BATNA (best alternative to a negotiated agreement
A no-agreement alternative reflecting the course of action a party to a negotiation will take if the proposed deal is not possible.

Source: ILPA
Bear Hug
An offer made directly to the Board of Directors of a target company. Usually made to increase the pressure on the target with the threat that a tender offer may follow.

Source: ILPA
A point of reference against which the composite’s or pooled fund’s returns or risk are compared.

Source: GIPS
Benchmark description
General information regarding the investments, structure, and characteristics of the benchmark. The description must include the key features of the benchmark or the name of the benchmark for a readily recognized index or other point of reference.

Source: GIPS
Comparing returns of a portfolio to the returns of its peers; in private equity, fund performance is benchmarked against a sample of funds formed in the same vintage year with the same investment focus.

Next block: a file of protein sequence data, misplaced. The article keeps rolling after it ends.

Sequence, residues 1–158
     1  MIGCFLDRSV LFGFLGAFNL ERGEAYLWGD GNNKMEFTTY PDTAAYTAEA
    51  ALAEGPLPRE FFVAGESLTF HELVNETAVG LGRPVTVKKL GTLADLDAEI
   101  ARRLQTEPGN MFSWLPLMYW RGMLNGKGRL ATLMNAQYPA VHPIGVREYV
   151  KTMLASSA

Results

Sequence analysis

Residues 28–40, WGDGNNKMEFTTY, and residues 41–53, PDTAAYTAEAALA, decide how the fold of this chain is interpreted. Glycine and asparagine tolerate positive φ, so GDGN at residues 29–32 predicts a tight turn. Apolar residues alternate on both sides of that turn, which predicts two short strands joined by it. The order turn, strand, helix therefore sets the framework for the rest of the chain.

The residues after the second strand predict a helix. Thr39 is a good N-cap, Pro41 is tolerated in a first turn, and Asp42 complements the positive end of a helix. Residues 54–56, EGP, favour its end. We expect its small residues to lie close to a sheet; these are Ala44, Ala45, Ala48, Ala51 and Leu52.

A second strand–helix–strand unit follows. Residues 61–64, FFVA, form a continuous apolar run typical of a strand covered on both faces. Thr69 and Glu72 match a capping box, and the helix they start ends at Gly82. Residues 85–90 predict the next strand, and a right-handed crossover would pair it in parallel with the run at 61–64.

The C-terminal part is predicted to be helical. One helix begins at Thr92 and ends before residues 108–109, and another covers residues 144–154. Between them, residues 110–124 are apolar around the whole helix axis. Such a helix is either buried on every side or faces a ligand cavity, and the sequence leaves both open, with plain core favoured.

Source: ILPA
Best Efforts
An offering in which the investment banker agrees to distribute as much of the offering as possible, and return any unsold shares to the issuer.

Source: ILPA
Blockage Factor
An adjustment that adds a discount or premia to the quoted price of a security because the normal daily trading volume, on the exchange where the security trades, is not sufficient to absorb the quantity held by the Fund. Blockage Factors are not permitted under US GAAP or IFRS.

Source: IPEV
Blue Sky Laws
A common term that refers to laws passed by various states to protect the public against securities fraud. The term originated when a judge ruled that a stock had as much value as a patch of blue sky.

Source: ILPA
Book Value
Book value of a stock is determined from a company's balance sheet by adding all current and fixed assets and then deducting all debts, other liabilities and the liquidation price of any preferred issues. The sum arrived at is divided by the number of common shares outstanding and the result is book value per common share.